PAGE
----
Come Celebrate Pi Day 3.14,1:59!


On March 14 at 1:59 pm we gather together to celebrate the most famous and mysterious of numbers.  That Pi is defined as the ratio of the circumference of a circle to its diameter seems simple enough but Pi turns out to be an “irrational number.”  Computer scientists have calculated billions of digits of pi, starting with 3.14159265358979323…, no recognizable pattern emerges in the digits.  Scientists could continue calculating the next digit all the way to infinity and still have no idea which digit might emerge next.  To these facts can be added that March 14 is also Einstein’s birthday.

Pi is a number that has fascinated scholars for 4,000 years.  The mathematical history of pi comes from around the world.  In 1900 B.C., the Babylonians calculated the area of the circle by taking 3 times the square of its radius.  One Babylonian tablet (ca 1900-1680 B.C.) indicates a value of 3.125 for pi, which is a close approximation. Around 1650 B.C., the Rhind Papyrus, a famous document of the Egyptian Middle Kingdom, also calculated the area of a circle which gave the approximate value of 3.1605.



In 250 B.C., the Greek mathematician Archimedes calculated the circumference of a circle to its  diameter.  Archimedes  value , was not only more accurate; it was the first theoretical rather than measured calculations of pi.  Archimedes knew that he had not found the value of pi but only an approximation. He used a fairy simply geometrical approach for his calculations.  See how he did it by launching the interactive model on this site:



Zu Chongzhi (429-501 AD?) was a Chinese mathematician and astronomer, who was not familiar with Archimedes method. He calculated the value of the ratio of the circumference of a circle to its diameter. Unfortunately, his book has been lost so very little is known of his work.

In 1761, a Swiss mathematician Johann Heinrich Lambert (1782-1777) proved the irrationality of pi.  An irrational number is a number that cannot be made into a fraction where the decimal never ends or repeat sequences.

By 1882, F. Lindeman proved that pi was transcendental, that is, that pi is not the root of any algebraic equation with rational coefficients.  This discovery proved that you can’t “square the circle” which was a problem that vexed many mathematicians up to that time.  Another fascination for mathematicians throughout history was to calculate the digits of pi, but until computers, less than 1,000 digits had been calculated.  With the calculations of the computer, millions of digits have been calculated.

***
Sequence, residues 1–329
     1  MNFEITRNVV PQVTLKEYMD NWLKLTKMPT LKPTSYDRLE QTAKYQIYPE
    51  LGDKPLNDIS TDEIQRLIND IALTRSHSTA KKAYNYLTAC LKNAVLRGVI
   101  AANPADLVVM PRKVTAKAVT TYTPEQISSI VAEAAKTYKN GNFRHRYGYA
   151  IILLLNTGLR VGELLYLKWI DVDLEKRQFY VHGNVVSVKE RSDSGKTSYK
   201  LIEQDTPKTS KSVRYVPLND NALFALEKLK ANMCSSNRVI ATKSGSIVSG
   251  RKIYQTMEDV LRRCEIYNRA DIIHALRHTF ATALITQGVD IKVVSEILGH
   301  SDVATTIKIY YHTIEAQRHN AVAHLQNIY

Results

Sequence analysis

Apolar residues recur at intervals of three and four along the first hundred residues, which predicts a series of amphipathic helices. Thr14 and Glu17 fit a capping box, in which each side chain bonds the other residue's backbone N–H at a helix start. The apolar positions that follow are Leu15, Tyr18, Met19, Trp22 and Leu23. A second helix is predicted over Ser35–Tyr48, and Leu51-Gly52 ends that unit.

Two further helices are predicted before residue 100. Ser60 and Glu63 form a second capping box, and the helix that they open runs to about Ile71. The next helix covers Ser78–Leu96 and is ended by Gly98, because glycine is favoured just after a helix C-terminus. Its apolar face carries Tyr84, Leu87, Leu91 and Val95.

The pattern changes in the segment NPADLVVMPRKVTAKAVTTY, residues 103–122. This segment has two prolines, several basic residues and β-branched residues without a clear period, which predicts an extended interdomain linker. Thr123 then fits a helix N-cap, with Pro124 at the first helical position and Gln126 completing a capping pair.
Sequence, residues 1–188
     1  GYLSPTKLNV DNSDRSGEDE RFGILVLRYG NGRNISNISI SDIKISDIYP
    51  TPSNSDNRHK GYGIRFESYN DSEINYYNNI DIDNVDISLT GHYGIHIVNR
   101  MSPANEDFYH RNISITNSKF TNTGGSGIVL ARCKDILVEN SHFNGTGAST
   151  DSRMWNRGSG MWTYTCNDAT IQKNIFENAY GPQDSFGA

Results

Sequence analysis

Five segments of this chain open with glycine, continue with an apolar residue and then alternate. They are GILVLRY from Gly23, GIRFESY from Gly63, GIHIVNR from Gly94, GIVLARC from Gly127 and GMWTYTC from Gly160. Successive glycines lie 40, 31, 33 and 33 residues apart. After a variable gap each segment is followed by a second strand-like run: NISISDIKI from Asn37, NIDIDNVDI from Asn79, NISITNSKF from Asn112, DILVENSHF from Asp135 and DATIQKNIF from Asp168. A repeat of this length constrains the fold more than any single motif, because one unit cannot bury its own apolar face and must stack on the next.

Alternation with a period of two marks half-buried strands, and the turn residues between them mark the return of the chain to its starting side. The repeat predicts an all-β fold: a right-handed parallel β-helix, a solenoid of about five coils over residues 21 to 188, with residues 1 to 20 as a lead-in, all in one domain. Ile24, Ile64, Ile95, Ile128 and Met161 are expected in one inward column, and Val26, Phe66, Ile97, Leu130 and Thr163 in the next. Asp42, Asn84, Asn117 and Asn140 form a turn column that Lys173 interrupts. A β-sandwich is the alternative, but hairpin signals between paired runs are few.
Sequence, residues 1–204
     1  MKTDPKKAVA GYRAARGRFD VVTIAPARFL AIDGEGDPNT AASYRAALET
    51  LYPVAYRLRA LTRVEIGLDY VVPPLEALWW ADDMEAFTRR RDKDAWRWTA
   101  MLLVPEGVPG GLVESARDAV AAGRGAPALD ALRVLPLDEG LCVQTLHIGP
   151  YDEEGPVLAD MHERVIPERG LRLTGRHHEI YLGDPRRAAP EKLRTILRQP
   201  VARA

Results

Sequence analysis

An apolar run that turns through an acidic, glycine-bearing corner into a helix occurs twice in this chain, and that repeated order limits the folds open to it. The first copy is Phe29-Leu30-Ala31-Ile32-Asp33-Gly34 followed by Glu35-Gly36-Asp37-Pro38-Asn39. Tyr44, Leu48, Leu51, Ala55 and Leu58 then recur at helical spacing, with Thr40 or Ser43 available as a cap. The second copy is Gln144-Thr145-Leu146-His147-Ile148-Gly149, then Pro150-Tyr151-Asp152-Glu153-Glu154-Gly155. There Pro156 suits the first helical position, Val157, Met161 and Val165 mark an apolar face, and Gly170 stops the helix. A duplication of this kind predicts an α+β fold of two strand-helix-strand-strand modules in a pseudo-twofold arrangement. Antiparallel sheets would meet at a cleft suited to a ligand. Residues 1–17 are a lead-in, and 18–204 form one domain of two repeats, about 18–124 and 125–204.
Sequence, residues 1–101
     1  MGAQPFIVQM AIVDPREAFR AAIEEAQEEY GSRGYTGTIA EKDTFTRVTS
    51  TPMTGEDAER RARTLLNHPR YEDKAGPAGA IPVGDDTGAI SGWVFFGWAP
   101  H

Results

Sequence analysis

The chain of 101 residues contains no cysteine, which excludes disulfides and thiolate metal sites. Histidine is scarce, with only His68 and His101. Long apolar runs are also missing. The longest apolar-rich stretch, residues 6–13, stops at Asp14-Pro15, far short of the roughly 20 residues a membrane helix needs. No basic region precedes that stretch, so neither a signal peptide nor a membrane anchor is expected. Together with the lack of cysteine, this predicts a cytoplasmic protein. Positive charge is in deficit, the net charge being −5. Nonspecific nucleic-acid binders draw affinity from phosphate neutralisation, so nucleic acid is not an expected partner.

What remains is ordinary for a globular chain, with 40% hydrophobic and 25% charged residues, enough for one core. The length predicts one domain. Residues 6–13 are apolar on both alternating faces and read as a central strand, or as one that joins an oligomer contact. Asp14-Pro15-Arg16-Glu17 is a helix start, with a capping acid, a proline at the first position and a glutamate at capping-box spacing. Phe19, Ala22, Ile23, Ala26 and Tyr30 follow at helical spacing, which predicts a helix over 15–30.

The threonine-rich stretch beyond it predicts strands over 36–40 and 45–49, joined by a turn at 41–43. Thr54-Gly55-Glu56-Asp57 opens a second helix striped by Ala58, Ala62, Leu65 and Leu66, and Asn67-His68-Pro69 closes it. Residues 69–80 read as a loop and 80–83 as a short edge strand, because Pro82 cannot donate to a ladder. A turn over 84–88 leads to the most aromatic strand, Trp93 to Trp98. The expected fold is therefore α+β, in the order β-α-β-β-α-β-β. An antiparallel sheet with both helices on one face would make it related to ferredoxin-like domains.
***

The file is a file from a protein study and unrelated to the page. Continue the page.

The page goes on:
Adiran, Y. E. O.  The Pleasures of Pi, e and Other Interesting Numbers.  Singapore: World Scientific Pub., c2006.  Engineering Library QA95 .A2 2006

Alsina, Claudi.  Icons of Mathematics:  An Exploration of Twenty Key Images. Washington, D.C.:  Mathematical Association of America c2011.

Beckman, Petr.  The History of Pi. Boulder: Colorado: The Golem Press, 1977.  Main Math Collection QA484 .B4 1977

Chongzhi, Zu.  Encyclopedia Britannica.  Encyclopedia Britannica Online. Encyclopedia Britannica Inc., 2014.  Web, 10 March 2014.    Http:// / EBchecked/topic/1073884/Zu-Chongzhi.   Main Reference Collection AE5 .E363 2010

Exploratorium. (2014). Pi Day. Retrieved from

Gillings, R. Mathematics in the Time of the Pharaohs. Boston, MA: MIT Press, 89-103, 1972.  Main Math Collection QA27.E3 G52 

Gardner, Milo. “Rhind Papyrus.” From MathWorld–A Wolfram Web Resource, created by Eric W. Weisstein.

A facsimile of this papyrus can also be found at the
Main Oversize FOLIO PJ1681 R5 1927
Main Math Collection FOLIO PJ1681 R5 1927

Hobson, Ernest William.  Squaring the Circle and Other Monographs. New York: Chelsea, 1953.  Main Math Collection QA467 .H62 1953 

KHANACADEMY. (2014). A Song About A Circle Constant. Retrieved from

Libeskind, Shlomo.  Euclidean and Transformational Geometry: A Deductive Inquiry. Sudbury, Mass.:  Jones and Bartlett Publishers, c 2008. Engineering Library QA453 .L53 2008 

Mackenzie, D. “Fractions to Make an Egyptian Scribe Blanch.” Science 278, 224, 1997.

McCall, Martin W.  Classical Mechanics:  From Newton to Einstein: A Modern Introduction.  Hoboken, NJ: Wiley, 2010.  Engineering Library QC125.2 .M385 2011 

Robins, G. and Shute, C. The Rhind Mathematical Papyrus: An Ancient Egyptian Text. New York: Dover, 1990. Main Math Collection QA30.3 .R63 1987 

Weingardt, Richard.  Circles in The Sky:  The Life and Times of George Ferris.  Reston, VA,: American Society of Civil Engineers, C.2009.  Engineering Library TA140.F455 W45 2009